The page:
# CNFgen - background

# CNFgen

## Combinatorial benchmarks for SAT solvers

### What is a CNF?

A propositional formula a representation of a function oven {0,1}
variables. Consider such a variable x, then ¬x is a formula
which has value 1-x. This is called the *negation* of x.
Expressions of the form x and ¬x are called \literals/, and
a *clause* is a disjunction

l₁ v l₂ v …

where each lᵢ is a literal. A clause evaluates to one if and only
if **at least** one of the literals evaluates to one. Otherwise the
clause evaluates to zero.
A CNF is a conjunction of clauses

C₁ ∧ C₂ ∧ …

and the CNF evaluates to one if **all** clauses evaluates to one.

To **falsify** a formula we need an input for which the formula
evaluates to 0; to **satisfy** a formula we need an input for which
it evaluates to 1. Observe that to falsify a CNF it is sufficient
to pick a clause and set the variables in such a way that all
literals in the clause evaluate to zero. There is no efficient
algorithm that decides whether a CNF is satisfiable or not.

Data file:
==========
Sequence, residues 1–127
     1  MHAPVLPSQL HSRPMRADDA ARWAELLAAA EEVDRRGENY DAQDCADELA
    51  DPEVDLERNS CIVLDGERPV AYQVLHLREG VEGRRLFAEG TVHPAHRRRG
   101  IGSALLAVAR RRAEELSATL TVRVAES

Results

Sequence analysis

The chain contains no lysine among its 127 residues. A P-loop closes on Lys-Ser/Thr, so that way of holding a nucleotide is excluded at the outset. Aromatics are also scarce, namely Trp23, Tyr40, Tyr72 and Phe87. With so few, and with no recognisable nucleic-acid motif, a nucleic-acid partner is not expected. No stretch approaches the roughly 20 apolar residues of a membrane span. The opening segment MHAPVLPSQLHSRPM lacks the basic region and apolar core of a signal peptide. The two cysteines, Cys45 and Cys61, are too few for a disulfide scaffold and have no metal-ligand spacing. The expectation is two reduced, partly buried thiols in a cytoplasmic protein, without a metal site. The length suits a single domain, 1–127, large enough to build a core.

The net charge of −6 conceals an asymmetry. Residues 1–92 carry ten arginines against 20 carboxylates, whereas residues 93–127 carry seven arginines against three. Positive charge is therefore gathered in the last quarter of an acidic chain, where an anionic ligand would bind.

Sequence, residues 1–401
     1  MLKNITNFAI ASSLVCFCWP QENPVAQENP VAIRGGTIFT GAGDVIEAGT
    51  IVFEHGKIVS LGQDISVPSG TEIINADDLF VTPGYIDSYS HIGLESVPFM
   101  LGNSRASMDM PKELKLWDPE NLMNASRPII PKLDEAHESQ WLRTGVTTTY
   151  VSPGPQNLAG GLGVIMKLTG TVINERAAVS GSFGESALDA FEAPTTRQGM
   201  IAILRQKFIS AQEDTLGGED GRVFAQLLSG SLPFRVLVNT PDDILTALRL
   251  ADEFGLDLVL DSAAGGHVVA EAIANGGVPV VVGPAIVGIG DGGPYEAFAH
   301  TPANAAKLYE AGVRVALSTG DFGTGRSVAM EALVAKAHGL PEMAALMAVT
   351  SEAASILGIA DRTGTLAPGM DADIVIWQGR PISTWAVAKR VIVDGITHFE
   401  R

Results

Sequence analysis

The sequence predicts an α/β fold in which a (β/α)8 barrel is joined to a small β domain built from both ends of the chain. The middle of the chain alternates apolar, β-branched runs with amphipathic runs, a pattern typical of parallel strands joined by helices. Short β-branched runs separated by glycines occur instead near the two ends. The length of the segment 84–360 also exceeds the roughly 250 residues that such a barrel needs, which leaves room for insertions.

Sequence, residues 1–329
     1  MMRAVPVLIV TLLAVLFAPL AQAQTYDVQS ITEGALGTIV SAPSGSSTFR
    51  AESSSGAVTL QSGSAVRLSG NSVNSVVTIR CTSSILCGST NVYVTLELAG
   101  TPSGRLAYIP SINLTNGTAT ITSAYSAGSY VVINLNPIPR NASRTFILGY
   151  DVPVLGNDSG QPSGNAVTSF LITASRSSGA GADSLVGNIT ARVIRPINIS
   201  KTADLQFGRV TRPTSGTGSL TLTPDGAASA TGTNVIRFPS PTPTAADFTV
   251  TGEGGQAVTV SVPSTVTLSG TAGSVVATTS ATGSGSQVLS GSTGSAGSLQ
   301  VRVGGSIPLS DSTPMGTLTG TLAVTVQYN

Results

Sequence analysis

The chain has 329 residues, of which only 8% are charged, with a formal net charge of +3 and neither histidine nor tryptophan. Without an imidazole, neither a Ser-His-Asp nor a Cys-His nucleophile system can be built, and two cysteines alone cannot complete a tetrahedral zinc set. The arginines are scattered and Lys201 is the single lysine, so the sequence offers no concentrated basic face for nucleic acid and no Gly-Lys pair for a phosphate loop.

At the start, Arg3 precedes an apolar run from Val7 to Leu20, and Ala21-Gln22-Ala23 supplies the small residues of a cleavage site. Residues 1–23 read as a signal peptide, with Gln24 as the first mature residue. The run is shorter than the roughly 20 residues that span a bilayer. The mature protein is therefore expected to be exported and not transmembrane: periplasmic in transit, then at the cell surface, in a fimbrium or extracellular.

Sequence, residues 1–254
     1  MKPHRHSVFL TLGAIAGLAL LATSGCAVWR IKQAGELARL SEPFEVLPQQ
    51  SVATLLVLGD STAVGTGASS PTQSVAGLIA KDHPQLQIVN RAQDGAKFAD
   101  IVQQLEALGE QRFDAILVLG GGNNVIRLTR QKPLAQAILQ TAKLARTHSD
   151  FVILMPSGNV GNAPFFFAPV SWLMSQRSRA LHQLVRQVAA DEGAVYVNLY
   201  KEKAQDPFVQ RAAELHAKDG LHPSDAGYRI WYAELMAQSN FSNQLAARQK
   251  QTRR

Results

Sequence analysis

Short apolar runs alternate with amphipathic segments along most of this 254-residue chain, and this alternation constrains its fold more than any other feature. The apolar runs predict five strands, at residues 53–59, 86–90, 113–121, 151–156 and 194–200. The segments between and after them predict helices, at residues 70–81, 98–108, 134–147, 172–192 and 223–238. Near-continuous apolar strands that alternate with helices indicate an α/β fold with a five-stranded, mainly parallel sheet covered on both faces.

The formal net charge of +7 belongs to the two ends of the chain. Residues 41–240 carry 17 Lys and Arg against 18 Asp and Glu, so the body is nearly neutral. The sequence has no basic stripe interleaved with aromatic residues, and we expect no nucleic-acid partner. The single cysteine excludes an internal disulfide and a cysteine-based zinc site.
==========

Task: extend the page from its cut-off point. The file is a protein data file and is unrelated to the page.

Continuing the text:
### DIMACS encoding of CNFs

The program outputs CNF formulas encoded in *dimacs* format, which
has the following structure:

at the beginning of the file there may be an arbitrary number of
comment lines, which must start with character `c`

. The first non
comment line specifies how many variables and how many clauses are
in the CNF formulas. The next lines are sequence of non zero
integers followed by zero.

p cnf <N> <M> <i> <i> <i> <i> 0 <i> <i> <i> 0 ...

Each line after the specification represents a clause in the following way: a positive number t is the positive literal on the variable indexed by t. A negative number t is the negated literal on the variable indexed by -t.

For example if the formula is defined on n variables x₁, x₂, x₃, …,
then the line `3 -1 5 6 -4 0`

encodes the clause x3 v ¬x₁ v x₅ v x₆
v ¬x₄.